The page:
Richard Castle has certainly changed his writing style since he wrote Frozen Heat. As this novel was published just as he became engaged to his muse, it is an interesting change.
As a reader, I do not expect much from Castle’s books. All I am looking for is a couple of hours escape into a world I recognize, with people I recognize, who are solving a good crime. The last novel showed us that Castle can write a good mystery, one that keeps us guessing until the end. This installment, the fifth in the Nikki Heat series, failed to live up to that promise.
Picking up where Frozen Heat abruptly ended, this novel tells the story of Nikki continuing to work on her mother’s murder. Instead of that simply being the story told, there is also a serial killer on the loose who eventually comes after Nikki.
As she tries to simultaneously work on both cases, the narrative becomes clumsy and burdensome. Even the author has to continually tell us where Nikki is and which case she is working on. The problem is that, because each case is only allowed half the time to truly develop, neither is developed very well and fails to engage us on any real level.
It's not spoiling anything to tell you that the two cases converge at the end. To make that happen, however, the plot twists become rather apparent with the bad guys being telegraphed all too clearly. I had this one figured out about halfway through the book.
One of the joys of this series is seeing how Castle uses his experiences at the 12th Precinct to augment his characters and his story. In this novel, however, he failed to do so on any real level. In fact, many of the scenes or allusions to events and people we have met on the show felt shoehorned in. I felt as though, after he had turned in his first draft, Castle’s editor reminded him that his readers want some allusions and he just filled in some stories and not very well.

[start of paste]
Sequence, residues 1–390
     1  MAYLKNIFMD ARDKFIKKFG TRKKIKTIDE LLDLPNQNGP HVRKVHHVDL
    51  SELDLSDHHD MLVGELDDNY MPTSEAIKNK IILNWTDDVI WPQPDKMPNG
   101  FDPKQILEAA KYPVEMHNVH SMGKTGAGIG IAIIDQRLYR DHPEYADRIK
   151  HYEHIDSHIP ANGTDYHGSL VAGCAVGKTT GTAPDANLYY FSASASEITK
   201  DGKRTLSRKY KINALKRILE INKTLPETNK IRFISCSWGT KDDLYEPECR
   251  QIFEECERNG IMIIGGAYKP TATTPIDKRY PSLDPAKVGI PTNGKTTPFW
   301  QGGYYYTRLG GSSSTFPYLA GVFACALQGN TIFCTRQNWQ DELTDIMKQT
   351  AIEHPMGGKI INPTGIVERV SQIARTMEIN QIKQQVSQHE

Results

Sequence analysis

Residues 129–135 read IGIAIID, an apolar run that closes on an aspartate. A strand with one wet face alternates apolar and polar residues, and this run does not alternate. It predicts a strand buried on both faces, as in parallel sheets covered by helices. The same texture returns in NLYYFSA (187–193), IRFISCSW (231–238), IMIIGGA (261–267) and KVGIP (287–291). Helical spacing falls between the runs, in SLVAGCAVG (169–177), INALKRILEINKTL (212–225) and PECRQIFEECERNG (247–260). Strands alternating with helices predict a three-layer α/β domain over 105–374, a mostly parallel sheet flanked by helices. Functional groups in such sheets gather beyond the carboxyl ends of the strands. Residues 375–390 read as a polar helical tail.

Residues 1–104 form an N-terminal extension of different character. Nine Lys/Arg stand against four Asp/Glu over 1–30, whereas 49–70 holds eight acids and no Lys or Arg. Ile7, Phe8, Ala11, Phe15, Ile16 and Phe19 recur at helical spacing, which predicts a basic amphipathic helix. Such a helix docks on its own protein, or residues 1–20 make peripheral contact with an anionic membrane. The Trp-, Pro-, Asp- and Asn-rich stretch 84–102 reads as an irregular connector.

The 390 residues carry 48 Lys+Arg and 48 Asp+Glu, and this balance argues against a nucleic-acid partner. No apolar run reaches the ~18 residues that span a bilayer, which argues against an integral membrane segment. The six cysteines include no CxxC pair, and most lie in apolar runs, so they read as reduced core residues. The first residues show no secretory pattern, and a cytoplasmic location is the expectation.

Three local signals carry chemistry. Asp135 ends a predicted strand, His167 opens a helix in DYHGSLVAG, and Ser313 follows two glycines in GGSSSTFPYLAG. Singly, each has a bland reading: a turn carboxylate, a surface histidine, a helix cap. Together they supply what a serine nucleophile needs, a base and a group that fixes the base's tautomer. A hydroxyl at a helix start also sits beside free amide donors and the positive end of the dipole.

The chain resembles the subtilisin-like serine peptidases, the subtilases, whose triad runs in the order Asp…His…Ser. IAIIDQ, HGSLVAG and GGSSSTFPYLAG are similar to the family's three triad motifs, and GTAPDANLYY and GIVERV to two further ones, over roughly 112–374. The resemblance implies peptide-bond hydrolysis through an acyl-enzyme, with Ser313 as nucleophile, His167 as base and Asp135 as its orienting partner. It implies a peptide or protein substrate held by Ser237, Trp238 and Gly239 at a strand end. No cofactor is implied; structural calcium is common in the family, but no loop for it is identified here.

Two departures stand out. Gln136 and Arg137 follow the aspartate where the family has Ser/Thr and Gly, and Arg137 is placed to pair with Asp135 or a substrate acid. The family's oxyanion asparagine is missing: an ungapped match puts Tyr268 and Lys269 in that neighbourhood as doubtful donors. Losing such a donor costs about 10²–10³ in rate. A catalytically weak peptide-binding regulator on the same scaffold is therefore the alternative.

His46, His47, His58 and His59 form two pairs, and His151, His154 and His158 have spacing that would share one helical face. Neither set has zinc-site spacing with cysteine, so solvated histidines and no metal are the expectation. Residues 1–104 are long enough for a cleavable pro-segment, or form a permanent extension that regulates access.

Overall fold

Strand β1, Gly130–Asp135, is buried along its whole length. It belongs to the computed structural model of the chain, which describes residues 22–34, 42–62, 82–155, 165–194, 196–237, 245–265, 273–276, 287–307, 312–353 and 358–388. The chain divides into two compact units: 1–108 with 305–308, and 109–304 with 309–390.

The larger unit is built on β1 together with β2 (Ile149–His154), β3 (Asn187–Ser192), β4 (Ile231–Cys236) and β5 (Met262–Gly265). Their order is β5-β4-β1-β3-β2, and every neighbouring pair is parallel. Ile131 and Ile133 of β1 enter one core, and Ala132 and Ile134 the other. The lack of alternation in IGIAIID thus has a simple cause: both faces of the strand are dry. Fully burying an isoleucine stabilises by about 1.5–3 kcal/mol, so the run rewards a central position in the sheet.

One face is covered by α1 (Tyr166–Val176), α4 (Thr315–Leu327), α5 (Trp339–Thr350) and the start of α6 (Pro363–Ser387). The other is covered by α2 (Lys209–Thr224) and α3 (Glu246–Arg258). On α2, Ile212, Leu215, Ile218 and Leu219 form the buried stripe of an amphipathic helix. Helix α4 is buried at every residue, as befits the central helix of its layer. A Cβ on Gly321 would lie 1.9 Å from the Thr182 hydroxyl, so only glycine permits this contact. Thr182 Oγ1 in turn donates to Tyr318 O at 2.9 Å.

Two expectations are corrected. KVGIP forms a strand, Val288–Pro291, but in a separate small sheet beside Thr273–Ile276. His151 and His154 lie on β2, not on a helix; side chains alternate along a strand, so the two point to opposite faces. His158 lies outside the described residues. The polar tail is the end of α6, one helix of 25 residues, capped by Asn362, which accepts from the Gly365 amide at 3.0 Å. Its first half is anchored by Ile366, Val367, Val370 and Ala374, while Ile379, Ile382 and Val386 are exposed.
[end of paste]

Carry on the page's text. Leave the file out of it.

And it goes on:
Having said that, some of the allusions are fun. There are the myriad of Firefly allusions that have become standard in these novels and the vest makes its first appearance. It says Journalist instead of Writer, but it was a fun moment when it appeared. There is also a minor subplot about Hollywood becoming interested in the story and Heat being against her life being portrayed on the screen that made me smile.
Castle tried to make this novel much more adult than the earlier ones. The violence and the sex have both been escalated and the language used is blue. Perhaps it is because I am so accustomed to Castle and Beckett speaking on television, but to read their counterparts swearing in nearly every sentence they utter was distracting and annoying.
I know this is a personal issue of mine, but people who constantly swear always strike me as not very articulate types. Don’t misunderstand me. A good curse can go a long way. But, when every other word is the f-bomb, it begins to feel as though Castle is trying to make a point, and not a very compelling one.
The romance between Jameson Rook and Nikki Heat has always been a step ahead of Caskett, especially in the early books when Castle was using his novels as a form of wish fulfillment. In this novel, however, Rook and Heat spend a great deal of time arguing and disagreeing about nearly everything that happens. As this book was written after Caskett became a couple, I found that an interesting choice.
I didn’t hate this book, but I certainly didn’t like it as much as I have the others. If you go into it as a light, breezy read with a predictable outcome and a few allusions to a show you love, you may find it an acceptable addition to the Castle world.
ChrisB is a freelance writer who spends more time than she ought in front of a television screen or with a book in her hand.